However, in an earlier appellate proceeding between the parties, Santiago v. Sunset Cove Investments, Inc., 2D07–1598, Santiago filed a petition to enforce writ of prohibition and/or for expedited order to show cause or stay, writ of prohibition or alternative writs and remedies. In the petition, he made the same argument: because the final judgment contained no specific or express terms regulating or prohibiting the sale of the property after the designated closing deadline lapsed, his sale of the properties to the third-party purchaser could not support a finding that he willfully violated the final judgment. On April 13, 2007, we denied with prejudice the portion of the petition raising that ground.1 The denial with prejudice constituted a decision on the merits. See Sumner v. Sumner, 707 So.2d 934, 935 (Fla. 2d DCA 1998); see also Barwick v. State, 660 So.2d 685, 691 (Fla.1995), abrogated on other grounds by Topps v. State, 865 So.2d 1253 (Fla.2004). We subsequently denied his motion for rehearing on that point. Consequently, because that issue has already been decided by this court, the law of the case doctrine applies. See Specialty Rests. Corp. v. Elliott, 924 So.2d 834, 837 (Fla. 2d DCA 2005). We decline to alter the law of the case on this issue.
III. Sunset Cove is Entitled to Appellate Attorneys' Fees Pursuant to Section 57.105(1)(b) as Against Santiago's Counsel Only.
Sunset Cove seeks appellate attorneys' fees pursuant to section 57.105(1) and requests separate judgments against both Santiago and his counsel. We agree with Sunset Cove that because Santiago's challenge to the 2005 contempt order is based on the same argument that he made in his prior petition for writ of prohibition, which we denied with prejudice, his presentation of the argument in this case is not supported by the application of existing law to the material facts. Consequently, Sunset Cove is entitled to an award of appellate attorneys' fees pursuant to section 57.105(1)(b). We find no merit in Santiago's contention that Sunset Cove cannot recover fees because it is not the prevailing party on appeal. This is because section 57.105(1) provides in relevant part that
the court shall award a reasonable attorney's fee, including prejudgment interest, to be paid to the prevailing party in equal amounts by the losing party and the losing party's attorney on any claim or defense at any time during a civil proceeding or action in which the court finds that the losing party or the losing party's attorney knew or should have known that a claim or defense when initially presented to the court or at any time before trial:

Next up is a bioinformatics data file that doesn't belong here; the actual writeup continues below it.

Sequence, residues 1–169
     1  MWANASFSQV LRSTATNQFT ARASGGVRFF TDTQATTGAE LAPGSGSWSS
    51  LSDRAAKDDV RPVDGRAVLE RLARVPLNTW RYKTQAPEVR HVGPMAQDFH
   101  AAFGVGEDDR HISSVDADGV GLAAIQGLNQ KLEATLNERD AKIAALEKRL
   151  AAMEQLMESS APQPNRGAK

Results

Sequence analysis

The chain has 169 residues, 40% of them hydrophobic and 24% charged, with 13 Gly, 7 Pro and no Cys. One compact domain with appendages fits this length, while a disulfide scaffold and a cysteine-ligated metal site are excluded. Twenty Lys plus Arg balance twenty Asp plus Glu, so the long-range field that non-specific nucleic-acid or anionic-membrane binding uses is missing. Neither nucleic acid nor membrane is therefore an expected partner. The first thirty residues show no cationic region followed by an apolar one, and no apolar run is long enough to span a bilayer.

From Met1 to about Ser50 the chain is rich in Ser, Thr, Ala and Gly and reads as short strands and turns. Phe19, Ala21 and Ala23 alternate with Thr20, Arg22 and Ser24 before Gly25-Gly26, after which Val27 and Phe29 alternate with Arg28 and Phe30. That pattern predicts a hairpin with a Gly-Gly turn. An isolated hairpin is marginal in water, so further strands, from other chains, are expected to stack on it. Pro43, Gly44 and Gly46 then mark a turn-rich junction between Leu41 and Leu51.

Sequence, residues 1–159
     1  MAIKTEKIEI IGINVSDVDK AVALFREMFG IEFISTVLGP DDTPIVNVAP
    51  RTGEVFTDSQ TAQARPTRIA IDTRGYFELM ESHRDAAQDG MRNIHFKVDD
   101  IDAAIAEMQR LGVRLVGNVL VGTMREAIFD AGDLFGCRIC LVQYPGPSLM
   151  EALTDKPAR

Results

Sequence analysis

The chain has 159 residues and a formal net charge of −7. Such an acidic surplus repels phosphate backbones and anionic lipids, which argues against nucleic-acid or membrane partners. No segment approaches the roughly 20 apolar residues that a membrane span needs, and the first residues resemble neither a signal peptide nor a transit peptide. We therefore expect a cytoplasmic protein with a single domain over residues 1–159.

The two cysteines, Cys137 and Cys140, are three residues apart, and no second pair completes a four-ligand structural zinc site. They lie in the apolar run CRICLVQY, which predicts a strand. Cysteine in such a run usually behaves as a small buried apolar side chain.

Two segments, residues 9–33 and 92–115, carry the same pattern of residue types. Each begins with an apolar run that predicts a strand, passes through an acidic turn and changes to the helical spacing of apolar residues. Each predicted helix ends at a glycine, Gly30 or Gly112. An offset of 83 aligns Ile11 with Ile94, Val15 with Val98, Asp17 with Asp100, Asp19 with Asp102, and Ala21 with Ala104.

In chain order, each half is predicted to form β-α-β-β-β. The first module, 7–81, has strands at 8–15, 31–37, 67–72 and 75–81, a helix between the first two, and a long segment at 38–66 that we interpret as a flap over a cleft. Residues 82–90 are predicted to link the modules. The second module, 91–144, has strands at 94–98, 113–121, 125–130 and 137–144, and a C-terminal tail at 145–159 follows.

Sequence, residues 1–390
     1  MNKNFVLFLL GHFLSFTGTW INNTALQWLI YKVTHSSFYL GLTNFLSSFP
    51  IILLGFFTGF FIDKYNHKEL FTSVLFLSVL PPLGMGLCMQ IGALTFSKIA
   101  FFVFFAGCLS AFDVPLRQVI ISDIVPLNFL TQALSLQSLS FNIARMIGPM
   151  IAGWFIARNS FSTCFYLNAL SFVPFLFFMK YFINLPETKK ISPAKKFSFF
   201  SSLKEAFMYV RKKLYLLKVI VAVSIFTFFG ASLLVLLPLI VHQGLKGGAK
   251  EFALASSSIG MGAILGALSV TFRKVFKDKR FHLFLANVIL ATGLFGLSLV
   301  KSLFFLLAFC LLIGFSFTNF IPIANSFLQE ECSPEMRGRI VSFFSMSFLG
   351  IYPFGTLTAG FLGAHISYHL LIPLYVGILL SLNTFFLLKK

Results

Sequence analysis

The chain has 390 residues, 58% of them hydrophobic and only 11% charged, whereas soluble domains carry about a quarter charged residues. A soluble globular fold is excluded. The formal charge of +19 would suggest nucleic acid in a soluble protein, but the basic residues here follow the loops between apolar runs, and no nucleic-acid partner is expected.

(a) Was not supported by the material facts necessary to establish the claim or defense; or
(b) Would not be supported by the application of then-existing law to those material facts.
(Emphasis added.) Because the statute refers to “any claim or defense,” it does not require that the entire action be unsupported by material facts or the application of then-existing law. See Albritton v. Ferrera, 913 So.2d 5, 8 (Fla. 1st DCA 2005) (citing Mullins v. Kennelly, 847 So.2d 1151, 1154 (Fla. 5th DCA 2003)). We note that at least one Florida court has sanctioned a party's counsel for filing a brief containing an argument that had already been raised and ruled upon in a prior appeal. See Waddington v. Baptist Med. Ctr. of the Beaches, Inc., 78 So.3d 114, 117 (Fla. 1st DCA 2012). However, because we base the award of appellate attorneys' fees on section 57.105(1)(b), the fees may only be awarded as against Santiago's counsel. See § 57.105(3)(c) (prohibiting the imposition of sanctions pursuant to section 57.105(1)(b) against a represented party); see also Waddington, 78 So.3d at 117. We therefore grant Sunset Cove's motion and award Sunset Cove its reasonable attorneys' fees that were incurred for defending the claim related to the 2005 contempt order; the fees shall be paid in full by Santiago's counsel. See Waddington, 78 So.3d at 117. We remand for the trial court to determine the amount.
Affirmed in part, reversed in part, and remanded with instructions.
1. The denial was rendered via unpublished order. The proceeding was then partially converted into a nonfinal appeal to address another unrelated ground that ultimately resulted in an opinion. See Santiago v. Sunset Cove Invs., Inc., 988 So.2d 10 (Fla. 2d DCA 2008).
VILLANTI, C.J., and BADALAMENTI, J., Concur.